Thirdly, the law of pre-capitalist modes of production is the repetition of the process of production on the previous scale, on the previous technical basis: such are the corvée economy of the landlords, the natural economy of the peasants, the artisan production of the industrialists. The law of capitalist production, on the contrary, is constant transformation of the modes of production, and the unrestricted growth of the scale of production. Under the old modes of production, economic units could exist for centuries without undergoing any change either in character or in size, and without extending beyond the landlord’s manor, the peasant village or the small neighbouring market for the rural artisans and small industrialists (the so-called handicraftsmen). The capitalist enterprise, on the contrary, inevitably out grows the bounds of the village community, the local market, the region, and then the state. Since the isolation and seclusion of the states have already been broken down by commodity circulation, the natural trend of every capitalist industry brings it to the necessity of “seeking a foreign market.”

Thus, the necessity of seeking a foreign market by no means proves that capitalism is unsound, as the Narodnik economists like to picture matters. Quite the contrary. This necessity demonstrates the progressive historical work of capitalism, which destroys the age-old isolation and seclusion of systems of economy (and, consequently, the narrowness of intellectual and political life), and which links all countries of the world into a single economic whole.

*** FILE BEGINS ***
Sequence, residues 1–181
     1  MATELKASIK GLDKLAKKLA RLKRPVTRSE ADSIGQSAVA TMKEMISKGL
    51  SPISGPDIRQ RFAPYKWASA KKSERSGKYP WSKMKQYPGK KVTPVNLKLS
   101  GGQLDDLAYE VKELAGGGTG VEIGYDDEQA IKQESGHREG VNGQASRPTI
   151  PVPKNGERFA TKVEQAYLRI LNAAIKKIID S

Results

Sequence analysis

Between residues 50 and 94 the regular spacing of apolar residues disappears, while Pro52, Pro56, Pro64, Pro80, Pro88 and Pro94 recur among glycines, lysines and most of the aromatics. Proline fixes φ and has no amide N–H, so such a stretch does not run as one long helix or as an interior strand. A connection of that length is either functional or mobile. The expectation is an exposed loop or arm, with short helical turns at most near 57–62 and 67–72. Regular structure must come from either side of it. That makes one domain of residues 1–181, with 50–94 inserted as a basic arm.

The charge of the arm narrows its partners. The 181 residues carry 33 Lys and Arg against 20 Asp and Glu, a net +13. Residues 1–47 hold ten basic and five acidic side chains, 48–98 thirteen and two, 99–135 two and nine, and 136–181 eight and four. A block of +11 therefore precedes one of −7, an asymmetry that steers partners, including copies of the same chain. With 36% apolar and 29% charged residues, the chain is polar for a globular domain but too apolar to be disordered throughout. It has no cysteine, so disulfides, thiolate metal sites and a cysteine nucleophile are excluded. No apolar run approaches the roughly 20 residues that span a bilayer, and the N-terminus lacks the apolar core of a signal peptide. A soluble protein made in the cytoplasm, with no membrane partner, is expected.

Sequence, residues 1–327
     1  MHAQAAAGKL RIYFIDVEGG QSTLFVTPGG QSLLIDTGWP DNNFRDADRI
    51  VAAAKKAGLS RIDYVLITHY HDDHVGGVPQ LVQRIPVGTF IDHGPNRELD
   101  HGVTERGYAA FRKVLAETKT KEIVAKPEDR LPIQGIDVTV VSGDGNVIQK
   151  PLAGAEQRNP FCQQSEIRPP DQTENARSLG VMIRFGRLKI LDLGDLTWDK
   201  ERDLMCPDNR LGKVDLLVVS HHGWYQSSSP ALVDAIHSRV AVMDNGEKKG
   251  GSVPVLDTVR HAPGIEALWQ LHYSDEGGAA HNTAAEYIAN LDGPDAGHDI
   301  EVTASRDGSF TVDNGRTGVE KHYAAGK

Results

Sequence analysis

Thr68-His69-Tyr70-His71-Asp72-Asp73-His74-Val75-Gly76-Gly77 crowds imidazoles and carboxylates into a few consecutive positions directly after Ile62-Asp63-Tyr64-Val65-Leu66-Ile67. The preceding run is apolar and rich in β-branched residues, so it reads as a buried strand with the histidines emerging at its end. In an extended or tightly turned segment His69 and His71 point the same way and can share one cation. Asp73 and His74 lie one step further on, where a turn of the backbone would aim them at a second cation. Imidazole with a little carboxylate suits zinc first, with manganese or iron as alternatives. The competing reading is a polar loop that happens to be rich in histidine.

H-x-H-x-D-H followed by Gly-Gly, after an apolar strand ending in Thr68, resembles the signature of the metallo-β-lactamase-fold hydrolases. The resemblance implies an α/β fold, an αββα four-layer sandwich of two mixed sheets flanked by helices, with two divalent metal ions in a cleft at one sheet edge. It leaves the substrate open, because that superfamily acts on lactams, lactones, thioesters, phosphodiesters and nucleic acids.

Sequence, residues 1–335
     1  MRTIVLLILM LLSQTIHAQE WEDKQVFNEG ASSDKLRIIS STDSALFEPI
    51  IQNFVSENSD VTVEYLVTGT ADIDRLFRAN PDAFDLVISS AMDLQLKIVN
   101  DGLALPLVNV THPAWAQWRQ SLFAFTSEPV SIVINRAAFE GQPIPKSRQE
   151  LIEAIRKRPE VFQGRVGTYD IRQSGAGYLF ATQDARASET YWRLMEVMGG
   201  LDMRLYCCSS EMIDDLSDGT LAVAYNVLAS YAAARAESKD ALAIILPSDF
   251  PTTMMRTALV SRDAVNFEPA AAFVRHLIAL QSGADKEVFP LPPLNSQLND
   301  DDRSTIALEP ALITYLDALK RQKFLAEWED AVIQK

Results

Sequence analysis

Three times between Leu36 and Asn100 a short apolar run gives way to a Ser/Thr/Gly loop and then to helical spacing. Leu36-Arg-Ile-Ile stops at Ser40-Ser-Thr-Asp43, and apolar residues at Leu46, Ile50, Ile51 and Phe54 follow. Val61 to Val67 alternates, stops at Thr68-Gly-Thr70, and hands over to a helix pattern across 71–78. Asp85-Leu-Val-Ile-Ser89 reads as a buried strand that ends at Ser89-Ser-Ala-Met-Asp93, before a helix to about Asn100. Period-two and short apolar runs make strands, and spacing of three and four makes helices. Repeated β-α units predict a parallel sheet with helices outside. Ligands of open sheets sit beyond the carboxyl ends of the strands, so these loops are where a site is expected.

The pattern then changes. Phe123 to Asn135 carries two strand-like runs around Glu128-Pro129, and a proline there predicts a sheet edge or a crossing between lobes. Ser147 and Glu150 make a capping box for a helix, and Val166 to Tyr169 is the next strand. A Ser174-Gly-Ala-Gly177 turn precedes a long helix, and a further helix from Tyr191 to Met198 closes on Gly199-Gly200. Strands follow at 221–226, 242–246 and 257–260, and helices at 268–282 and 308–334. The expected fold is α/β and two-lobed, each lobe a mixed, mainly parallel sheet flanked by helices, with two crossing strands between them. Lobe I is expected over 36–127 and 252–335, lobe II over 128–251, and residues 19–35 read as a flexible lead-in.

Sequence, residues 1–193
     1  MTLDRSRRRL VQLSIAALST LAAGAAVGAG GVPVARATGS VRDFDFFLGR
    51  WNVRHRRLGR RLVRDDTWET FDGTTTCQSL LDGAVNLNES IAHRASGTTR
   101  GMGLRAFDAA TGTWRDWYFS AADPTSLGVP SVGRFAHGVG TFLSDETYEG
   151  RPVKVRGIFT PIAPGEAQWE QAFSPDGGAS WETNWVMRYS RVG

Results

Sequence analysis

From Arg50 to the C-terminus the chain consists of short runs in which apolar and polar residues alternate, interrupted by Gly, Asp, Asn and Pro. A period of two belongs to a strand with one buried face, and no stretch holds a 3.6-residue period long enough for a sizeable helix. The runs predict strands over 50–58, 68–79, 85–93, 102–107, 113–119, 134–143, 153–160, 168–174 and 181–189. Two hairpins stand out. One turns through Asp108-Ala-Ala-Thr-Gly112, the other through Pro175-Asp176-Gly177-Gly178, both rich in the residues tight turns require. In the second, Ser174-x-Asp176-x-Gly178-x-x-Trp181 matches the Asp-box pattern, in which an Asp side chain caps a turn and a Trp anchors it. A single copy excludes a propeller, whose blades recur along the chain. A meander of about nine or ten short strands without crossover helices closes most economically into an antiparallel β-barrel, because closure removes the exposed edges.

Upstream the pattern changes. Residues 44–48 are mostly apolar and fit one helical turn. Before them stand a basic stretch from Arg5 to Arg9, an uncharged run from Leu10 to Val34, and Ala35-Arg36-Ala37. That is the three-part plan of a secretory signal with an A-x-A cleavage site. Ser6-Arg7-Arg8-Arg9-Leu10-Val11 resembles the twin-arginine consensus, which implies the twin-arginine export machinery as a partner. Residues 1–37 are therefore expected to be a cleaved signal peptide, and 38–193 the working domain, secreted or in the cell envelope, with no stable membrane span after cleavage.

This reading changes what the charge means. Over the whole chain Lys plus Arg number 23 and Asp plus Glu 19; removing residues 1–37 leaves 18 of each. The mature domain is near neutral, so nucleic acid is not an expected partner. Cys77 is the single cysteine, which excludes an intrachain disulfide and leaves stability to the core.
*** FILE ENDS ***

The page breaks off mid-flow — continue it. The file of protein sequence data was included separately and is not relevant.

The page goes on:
From this we see that the two latter causes of the need for a foreign market are again causes of a historical character. In order to understand them one must examine each separate industry, its development within the country, its transformation into a capitalist industry—in short, one must take the facts about the development of capitalism in the country; and it is not surprising that the Narodniks take the opportunity to evade these facts under cover of worthless (and meaningless) phrases about the “impossibility” of both the home and the foreign markets.


[1] Mr. Bulgakov very correctly observes in the above-quoted book: “Till now the cotton industry, which supplies the peasant market, has been growing steadily, so that the absolute diminution of popular consumption. ..” (which Mr. N.–on talks about) “...is conceivable only theoretically” (pp, 214-215). —Lenin

[2] Volgin, The Substantiation of Narodism in the Works of Mr. Vorontsov, St. Petersburg, 1896, pp. 71-76.[3]Lenin

[3] Volgin–pseudonym of G. V. Plekhanov. The work here cited is included in Vol. IX of his Works.

  VII. The Theory of the National Income | IX. Conclusions From Chapter I  

Works Index   |   Volume 3 | Collected Works   |   L.I.A. Index
< backward   forward >